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Financial Detective Steve Lee Helps Notch $2.75 Billion Win for Discover Financial Services

Work of forensic investigator leads to third largest antitrust suit settlement in U.S. history

LOS ANGELES, Aug. 17, 2009 — In a world where financial scams, schemes, meltdowns and fraudsters dominate the headlines, Steve Lee ( knows when a business deal, transaction or activity simply doesn't pass the smell test. As a forensic investigator, Lee helped lay the groundwork for Discover Financial Services' landmark $2.75 billion antitrust settlement against credit card giants Visa and MasterCard in October 2008.

His firm, Steve Lee & Associates (SL&A) is among the foremost companies involved in worldwide high-stakes litigation and forensic accounting work. More like an economic swat team, this cadre of highly skilled professionals solve complex commercial matters in such areas as corporate and fraud investigations, loan workouts, insolvency and reorganization, electronic discovery, computer security, competitive intelligence, class action defense, transaction advisory services and theft of intellectual property. Headquartered in LA, with offices in NY, Chicago and London, SL&A has operated in more than 50 countries across the globe.

The Discover case turned on whether Visa and MasterCard had essentially blackballed their smaller rival from doing business with the big boys of banking – like Citibank and Bank of America. After Discover received a favorable ruling on restraint of trade, Lee and his team ideated and analyzed damages as a result of inequities in the marketplace. They also undermined the defendant's experts. To do all this, Lee re-created the financial landscape as if Discover had been able to freely compete alongside Visa and MasterCard. Rather than face a losing trial, at the 11th hour the credit card behemoths backed down, resulting in the third largest antitrust settlement in U.S. history.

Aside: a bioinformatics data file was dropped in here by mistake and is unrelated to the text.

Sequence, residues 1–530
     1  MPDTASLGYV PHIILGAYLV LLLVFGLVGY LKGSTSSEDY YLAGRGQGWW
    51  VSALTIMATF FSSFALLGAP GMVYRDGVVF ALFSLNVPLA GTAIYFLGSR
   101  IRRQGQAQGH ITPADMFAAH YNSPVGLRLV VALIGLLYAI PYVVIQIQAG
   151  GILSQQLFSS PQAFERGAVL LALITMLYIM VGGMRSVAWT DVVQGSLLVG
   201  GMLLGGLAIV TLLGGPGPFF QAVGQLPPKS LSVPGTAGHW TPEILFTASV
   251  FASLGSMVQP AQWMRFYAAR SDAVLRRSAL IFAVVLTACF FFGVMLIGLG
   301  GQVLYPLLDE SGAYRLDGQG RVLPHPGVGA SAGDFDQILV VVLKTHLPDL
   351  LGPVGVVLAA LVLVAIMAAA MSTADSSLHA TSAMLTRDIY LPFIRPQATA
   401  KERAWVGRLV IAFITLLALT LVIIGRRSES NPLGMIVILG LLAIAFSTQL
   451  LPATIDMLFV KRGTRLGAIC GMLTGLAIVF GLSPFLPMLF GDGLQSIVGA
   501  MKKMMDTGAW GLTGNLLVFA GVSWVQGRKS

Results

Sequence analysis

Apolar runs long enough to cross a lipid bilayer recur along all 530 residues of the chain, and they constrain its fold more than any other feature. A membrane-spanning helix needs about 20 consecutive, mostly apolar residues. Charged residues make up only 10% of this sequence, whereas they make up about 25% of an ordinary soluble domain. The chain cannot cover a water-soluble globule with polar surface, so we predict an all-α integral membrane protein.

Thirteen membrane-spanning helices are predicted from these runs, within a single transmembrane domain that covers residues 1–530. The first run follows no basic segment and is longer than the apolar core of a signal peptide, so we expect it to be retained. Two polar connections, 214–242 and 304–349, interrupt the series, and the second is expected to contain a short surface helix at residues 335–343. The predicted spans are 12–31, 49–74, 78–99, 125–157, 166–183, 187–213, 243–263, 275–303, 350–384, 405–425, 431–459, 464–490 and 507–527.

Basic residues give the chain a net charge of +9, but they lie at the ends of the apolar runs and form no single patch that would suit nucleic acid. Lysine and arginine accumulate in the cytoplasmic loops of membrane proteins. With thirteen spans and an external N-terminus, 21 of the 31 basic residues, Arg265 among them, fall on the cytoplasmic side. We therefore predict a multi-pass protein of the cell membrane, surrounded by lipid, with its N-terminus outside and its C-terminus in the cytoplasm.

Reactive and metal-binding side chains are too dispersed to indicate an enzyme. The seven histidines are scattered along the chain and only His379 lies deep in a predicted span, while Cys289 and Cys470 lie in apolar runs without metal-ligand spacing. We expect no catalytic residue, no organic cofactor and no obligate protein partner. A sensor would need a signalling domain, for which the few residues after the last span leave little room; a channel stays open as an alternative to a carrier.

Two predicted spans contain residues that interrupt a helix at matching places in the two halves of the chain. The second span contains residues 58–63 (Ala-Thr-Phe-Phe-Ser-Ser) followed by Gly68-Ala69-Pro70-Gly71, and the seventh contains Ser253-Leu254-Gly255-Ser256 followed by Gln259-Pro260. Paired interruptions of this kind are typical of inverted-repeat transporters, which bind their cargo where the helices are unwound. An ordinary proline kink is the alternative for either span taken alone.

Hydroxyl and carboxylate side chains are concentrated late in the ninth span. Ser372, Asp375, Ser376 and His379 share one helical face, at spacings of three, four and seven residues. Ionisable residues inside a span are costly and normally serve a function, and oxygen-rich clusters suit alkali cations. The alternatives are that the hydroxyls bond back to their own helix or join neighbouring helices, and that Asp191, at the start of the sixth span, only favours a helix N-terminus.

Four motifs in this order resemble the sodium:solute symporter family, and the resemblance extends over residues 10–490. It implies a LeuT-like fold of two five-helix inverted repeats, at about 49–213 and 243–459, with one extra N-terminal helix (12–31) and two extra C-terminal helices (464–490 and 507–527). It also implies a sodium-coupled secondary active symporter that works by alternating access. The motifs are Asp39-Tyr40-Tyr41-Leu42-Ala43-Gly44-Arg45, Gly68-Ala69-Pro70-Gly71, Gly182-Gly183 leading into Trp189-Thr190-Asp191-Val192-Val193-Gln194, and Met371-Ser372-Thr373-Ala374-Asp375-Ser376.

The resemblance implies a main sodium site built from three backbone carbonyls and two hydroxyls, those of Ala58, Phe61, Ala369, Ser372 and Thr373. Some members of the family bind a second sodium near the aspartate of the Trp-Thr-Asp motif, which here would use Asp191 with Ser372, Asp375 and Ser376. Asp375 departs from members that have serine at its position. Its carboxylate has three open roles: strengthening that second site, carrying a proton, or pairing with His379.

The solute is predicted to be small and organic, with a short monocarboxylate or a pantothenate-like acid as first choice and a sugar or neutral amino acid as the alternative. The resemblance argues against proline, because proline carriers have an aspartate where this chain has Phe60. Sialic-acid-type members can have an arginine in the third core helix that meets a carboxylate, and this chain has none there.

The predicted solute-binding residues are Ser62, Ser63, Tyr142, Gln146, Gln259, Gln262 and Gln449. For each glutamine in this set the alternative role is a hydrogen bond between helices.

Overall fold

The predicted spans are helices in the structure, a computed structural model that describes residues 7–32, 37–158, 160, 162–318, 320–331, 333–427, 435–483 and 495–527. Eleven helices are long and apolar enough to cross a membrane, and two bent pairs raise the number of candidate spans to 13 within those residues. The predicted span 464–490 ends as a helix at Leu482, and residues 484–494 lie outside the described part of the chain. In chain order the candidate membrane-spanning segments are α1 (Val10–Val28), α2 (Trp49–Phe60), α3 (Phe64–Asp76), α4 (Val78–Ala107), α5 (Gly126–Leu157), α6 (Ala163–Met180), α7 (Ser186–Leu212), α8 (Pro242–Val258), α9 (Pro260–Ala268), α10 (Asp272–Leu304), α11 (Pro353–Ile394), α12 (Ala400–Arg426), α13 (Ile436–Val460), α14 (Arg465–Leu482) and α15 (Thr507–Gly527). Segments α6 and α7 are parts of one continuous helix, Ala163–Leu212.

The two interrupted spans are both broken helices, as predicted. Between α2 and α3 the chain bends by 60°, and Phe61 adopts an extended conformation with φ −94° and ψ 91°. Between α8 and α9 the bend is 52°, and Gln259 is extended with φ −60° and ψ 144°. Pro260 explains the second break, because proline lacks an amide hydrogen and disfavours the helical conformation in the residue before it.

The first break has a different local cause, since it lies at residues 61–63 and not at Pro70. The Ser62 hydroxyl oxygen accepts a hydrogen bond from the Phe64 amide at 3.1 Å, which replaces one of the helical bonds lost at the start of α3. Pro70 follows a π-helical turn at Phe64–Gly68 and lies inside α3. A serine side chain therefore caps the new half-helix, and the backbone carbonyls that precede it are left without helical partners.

"We worked principally with Jeff Shinder, Managing Partner of Constantine Cannon's New York office. They were litigation counsel to Discover," Lee says. "Jeff and his colleagues were brilliant and they understood how to use our work as a lethal and effective weapon in high stakes litigation."

Often times more CSI than CPA, Lee and his team frequently conduct covert operations and clever detective work that may include stings to recover ill-gotten assets. They follow the money and the people trying to steal or launder it. "Our success depends on having smart, creative people, sophisticated technology and perhaps most important," says Lee, "a highly developed sense of professional skepticism."

As the recent Madoff case attests, today's biggest heists don't involve gun-toting, ski mask-wearing desperados. Lee has delved into the shady business dealings of a real estate developer engaged in a scheme to defraud lenders out of hundreds of millions in financing. He has tracked down perpetrators of a Grand Canyon-size hole in the network security of a Fortune-50 financial services company that, if left unchecked, had the potential to ricochet throughout the entire economy. His firm has penetrated the thought-to-be-impenetrable data system of a gaming-industry giant, going so far as being able to leave a business card taped to the inside of a mission-critical computer in his client's network operations center.

The current economic morass comes as no surprise to Lee. "In the boom times, we saw lots of merger and acquisition due diligence work for banks, funds and Fortune 500 companies that was little more than a paper exercise to cover the buyer's tracks in doing transactions they had already decided to do," he says. "That policy was costly. The thrust at the time was to get the deal done and don't worry about the consequences. I fear that when this recession ends, it will be that way again."

News contact:

Cindy Rakowitz
(818) 783-3307

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